• Last modified 1142 days ago (May 6, 2021)


Debt increases stress on students

Staff writer

Like many students from Marion County, Goessel graduate Katelyn Olson, 19, faces more than just the classroom stress of studying to become a social science teacher.

Looming over her are student loans that, according to one national lending institution, average $32,045 for each Kansas student.

That’s 13% less than the national average of $36,689, but nearly 6% of Kansas student borrowers will end up owing $100,000 or more.

Even an average $32,045 debt translates to a monthly payment of $255 for loans that aren’t likely to be paid off until 20 or more years after a student graduates.

“I’m a full-time student with barely enough time to work a part-time job at minimum wage,” Olson said. “So to even think about paying it back feels like a massive burden because I know the interest is racking up the longer I work towards being in a position to pay.”

A student at Bethany College in Lindsborg, Olson recently changed her major to social science education.

The amount of time she needs to spend in school has shifted because of that. She estimates she will be in college for four more years.

Forgoing luxuries while facing a frequently rough job market and pressure caused by college performance can lead to depression and anxiety. Not being able to indulge in interests that involve money increases this peril.

Kansas has several programs for undergraduates and graduate students that offer at least partial loan repayment. Many encourage medical students to continue their careers in Kansas. However, the number of scholarship is limited, and they apply to narrow fields.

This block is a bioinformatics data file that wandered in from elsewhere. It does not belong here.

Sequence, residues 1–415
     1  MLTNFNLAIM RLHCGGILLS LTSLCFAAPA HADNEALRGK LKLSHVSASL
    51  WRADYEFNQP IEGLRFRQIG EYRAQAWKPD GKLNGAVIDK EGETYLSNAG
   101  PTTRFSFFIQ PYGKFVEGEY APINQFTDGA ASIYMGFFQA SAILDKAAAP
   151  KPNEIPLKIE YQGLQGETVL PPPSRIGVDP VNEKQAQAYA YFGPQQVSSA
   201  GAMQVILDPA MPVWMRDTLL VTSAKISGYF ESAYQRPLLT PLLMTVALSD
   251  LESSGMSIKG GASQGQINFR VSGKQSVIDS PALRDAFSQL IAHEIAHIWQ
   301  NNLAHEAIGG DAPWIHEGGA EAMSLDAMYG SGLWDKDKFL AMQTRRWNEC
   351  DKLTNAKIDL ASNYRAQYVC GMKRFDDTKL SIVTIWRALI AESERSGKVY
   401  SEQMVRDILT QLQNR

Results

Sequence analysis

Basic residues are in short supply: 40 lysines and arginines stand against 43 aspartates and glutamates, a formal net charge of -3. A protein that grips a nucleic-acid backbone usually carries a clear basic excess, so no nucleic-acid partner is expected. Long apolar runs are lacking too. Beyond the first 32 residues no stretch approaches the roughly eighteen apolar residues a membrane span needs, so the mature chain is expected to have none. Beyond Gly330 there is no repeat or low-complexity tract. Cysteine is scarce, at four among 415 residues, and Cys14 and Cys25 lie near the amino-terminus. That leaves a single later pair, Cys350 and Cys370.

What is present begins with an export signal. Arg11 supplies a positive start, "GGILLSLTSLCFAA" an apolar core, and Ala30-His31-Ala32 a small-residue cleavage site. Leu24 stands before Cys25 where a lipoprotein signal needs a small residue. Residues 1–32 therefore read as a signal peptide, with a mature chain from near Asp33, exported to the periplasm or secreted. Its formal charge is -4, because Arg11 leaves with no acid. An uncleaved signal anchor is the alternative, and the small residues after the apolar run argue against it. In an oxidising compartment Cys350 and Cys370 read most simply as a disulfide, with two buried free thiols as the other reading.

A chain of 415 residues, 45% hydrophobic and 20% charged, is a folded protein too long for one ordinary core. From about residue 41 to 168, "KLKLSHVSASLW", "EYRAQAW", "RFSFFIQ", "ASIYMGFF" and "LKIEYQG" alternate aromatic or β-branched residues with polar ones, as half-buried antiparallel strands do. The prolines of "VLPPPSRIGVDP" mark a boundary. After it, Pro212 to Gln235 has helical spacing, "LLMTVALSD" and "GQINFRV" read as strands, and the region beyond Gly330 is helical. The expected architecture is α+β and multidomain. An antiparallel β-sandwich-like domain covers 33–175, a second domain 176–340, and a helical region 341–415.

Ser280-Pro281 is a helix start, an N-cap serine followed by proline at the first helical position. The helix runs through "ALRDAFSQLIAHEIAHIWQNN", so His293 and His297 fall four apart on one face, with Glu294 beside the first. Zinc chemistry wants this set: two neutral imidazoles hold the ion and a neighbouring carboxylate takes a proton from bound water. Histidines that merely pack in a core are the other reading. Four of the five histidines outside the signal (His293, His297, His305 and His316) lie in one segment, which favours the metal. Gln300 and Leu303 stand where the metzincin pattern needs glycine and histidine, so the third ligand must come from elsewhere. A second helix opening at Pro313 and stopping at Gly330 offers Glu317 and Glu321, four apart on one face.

A Rural Opportunity Zone program in Marion County is open to students of all majors. It offers up to $15,000 in loan repayment for students willing to relocate here from other areas. But the waiting list for the two awards authorized annually is extremely long, and not every student wants to move to Marion County — or, for that matter, stay in Kansas, as required by other programs.

One of Olson’s classmates, Taryn Stout, 18, from Sterling is an art therapy major at Bethany.

She received scholarships from Bethany that covered a majority of her expenses, but she still needs to rely on savings and loans taken out with the help of her father.

“Right now, there is a pause on the interest on student loans until October,” she said.

The CARES act suspended loan payments and put a 0% interest rate in effect until Sept. 30.

“I’m trying to get more money to pay it back in full,” Stout said.

She has taken on two part-time jobs — one at the college’s admissions department and one at a pizza restaurant — while remaining a full-time student, taking 18 credit hours this semester.

She is planning on becoming a resident assistant at a dormitory next year to cover her living costs.

The pressure to pay back her loans as soon as possible gives her a lot of stress.

“My dad isn’t that concerned with me paying for everything,” Stout said, “but I feel like I should be. I try to keep my daily expenses low and save as much as possible. Sometimes I stress myself out with how much I think I need to save, even though I don’t really have a reason to worry about it at the moment.”

Stout plans to pursue a master’s degree, which usually takes six years to complete. She is trying to cut it to five.

Last modified May 6, 2021